Travel Guide to Granada, Spain

By Rachael Funk


Not to be confused with the Caribbean island of a similar name, Granada, Spain is located in the Andalusia region. This beautiful city is steeped in Islamic architecture, magnificent churches, tapas bars galore, and a refreshing counterculture evident from the graffiti art you may find around the city. Laid out at the foot of the Sierra Nevada, this place is steeped in history, culture, and youthful exuberance.


What to know

Granada is now predominantly Catholic but has retained much of the Arabic culture it hosted for centuries. With a growing reputation for a bohemian sensibility, the city is sure to delight with its hip nightlife, free tapas, and its slight underdog atmosphere.


When to Go

Spring and fall find the nicest weather in the city. Summer peaks in July and August, so if you are willing to brave the occasionally oppressive heat this may also be an acceptable option for travel. Granada is much less humid than Barcelona, and generally sees very little rainfall.


How to Get Around

A very walkable Spanish city, Granada is pleasant to see on foot. Walking tours are plentiful and you can visit the tourist office for suggested routes. Bicycling is also an excellent option, which allows you freedom from the schedule of public transit. If you prefer to be shuttled, there are taxis, buses, and hop-on/hop-off trains that also run through the city center. If you are feeling extra adventurous, you can even find Segway tours!


Where to Eat

You’ll find food tours aplenty in Granada, which are a great way to sample the city one flavor at a time. The mouthwatering mix of Spanish and Moorish cuisine is evident all over Granada, making this city one of the most enthralling places to eat in Spain. Tapas come with every drink, and many restaurants offer views that only enhance your dining experience. You’ll be spoiled for choice in Granada, but if you’re having trouble choosing, here are a few places that are not to be missed.


What to See

Alhambra Fortress

One of Granada’s top attractions, the Alhambra is an imposing UNESCO World Heritage Site which dominates the city’s skyline. One of the most-visited attractions in Spain, the Alhambra showcases its rich history, grandiose architecture, sprawling gardens, and unbeatable views.

Sierra Nevada National Park

This is Spain’s largest national park. The area spans 320 square miles, stretching from Granada to the edge of Almeria. The parks holds one of Europe’s tallest mountains, lakes, rivers, and forests to explore.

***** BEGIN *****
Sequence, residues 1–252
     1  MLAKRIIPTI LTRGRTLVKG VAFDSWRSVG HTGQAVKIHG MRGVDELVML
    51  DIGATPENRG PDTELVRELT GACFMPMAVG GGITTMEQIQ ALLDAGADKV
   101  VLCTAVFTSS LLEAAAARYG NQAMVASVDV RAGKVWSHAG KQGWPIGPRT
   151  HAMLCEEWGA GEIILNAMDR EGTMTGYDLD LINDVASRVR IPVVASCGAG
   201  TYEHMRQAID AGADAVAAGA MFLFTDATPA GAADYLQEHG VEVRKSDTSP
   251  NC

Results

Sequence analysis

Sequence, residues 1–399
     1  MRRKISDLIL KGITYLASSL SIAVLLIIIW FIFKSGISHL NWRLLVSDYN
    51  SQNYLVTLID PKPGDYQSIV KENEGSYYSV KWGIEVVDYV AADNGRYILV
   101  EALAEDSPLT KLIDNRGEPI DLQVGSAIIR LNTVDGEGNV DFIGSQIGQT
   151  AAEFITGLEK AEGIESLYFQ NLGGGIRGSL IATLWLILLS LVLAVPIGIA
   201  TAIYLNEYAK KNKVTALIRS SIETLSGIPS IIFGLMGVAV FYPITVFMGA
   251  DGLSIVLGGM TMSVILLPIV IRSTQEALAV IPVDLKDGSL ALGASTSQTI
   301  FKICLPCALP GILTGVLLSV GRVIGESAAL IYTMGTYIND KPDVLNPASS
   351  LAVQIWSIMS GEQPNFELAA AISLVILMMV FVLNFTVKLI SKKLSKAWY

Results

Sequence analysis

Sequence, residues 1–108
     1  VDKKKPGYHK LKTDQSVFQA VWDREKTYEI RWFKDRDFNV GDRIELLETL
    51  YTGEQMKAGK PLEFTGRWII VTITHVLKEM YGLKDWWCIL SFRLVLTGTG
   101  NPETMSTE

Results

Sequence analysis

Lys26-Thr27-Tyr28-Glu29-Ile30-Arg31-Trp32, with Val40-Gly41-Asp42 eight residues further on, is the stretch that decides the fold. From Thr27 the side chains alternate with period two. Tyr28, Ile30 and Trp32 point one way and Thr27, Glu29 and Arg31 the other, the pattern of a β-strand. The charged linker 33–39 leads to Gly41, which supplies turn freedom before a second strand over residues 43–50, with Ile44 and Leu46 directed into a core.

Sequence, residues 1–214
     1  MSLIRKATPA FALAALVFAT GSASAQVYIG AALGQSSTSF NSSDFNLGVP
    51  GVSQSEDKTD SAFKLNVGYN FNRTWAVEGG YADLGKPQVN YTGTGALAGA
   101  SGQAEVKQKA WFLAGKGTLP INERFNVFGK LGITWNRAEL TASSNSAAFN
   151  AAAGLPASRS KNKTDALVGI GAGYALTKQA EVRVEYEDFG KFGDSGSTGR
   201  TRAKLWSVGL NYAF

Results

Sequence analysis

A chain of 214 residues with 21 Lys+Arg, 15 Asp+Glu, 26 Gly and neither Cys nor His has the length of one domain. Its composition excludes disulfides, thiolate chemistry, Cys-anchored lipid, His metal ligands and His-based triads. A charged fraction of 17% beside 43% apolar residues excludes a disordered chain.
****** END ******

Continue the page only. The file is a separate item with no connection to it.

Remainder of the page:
Cappilla Real

This historic building is the where Catholic monarchs Isabel I de Castilla and Fernando Il de Aragon, who commissioned the mausoleum where they would eventually be laid to rest. The monument features an intricate Isabelline-Gothic style and marble tombs protected behind a wrought-iron screen.

Basilica San Juan de Dios

Built in the 1700s, this building is a monument to the grandeur of human design. With an interior covered in gold and silver, nearly every inch is ornately decorated. The main chapel holds the gold altarpiece which is known as the highlight of the basilica.


Tips and Tricks

  • Buy tickets for Alhambra ahead of time, they sell out fast! The entry time on your ticket is to enter the Nasrid Palaces, not the general Alhambra complex, so don’t wait to come in or you may miss your chance to see the palaces!

  • Some research into Granada’s history will help you appreciate its storied history, Moorish heritage, and transformation into an artistic and cultural hub.

  • Thanks to Raul Ruiz (also known as El Niño), many of the city’s walls have been transformed into artistic masterpieces. You can hunt them down yourself, or check out El Niño’s website for a map of where to find each current piece.

Looking for an authentic flamenco show in Granada? Check out these places for some of the best flamenco shows in the city:


Day Trips

Seville

The capital of the Andalusia region, you can escape to Seville for flamenco dancing, baroque churches, and history at every turn. If you are in a festive mood, Seville knows how to celebrate! Offering a tightly packed schedule of festivals, mind-blowing tapas, and all the nightlife you can handle, Seville is ideal for a night out on the town.

Monachil

Slather on the sunscreen, grab your sturdiest hiking boots, and prepare to hike, crawl, wade, and skim your way through Los Cahorros. Accessible through the town on Monachil, these trails run through the woods along the Rio Monachil. You’ll be thrilled to find hanging bridges, craggy gorges, rivers, and more.

Guadix

A delightful change of pace from the towering architecture and crowded landscapes of Spain’s more popular cities, Guadix is a memorable day trip. While the city center is chock full of sights like a cathedral, central plaza, and even a fortress, it is on the outskirts of the town where you will find the truly special experiences you may be looking for. Five minutes from the city, you will find an entire village made of cave houses, populated with people and plenty of dogs. Some have compared the village to the fictional planet of Tatooine from “Star Wars,” which makes this place a must-see in our book!

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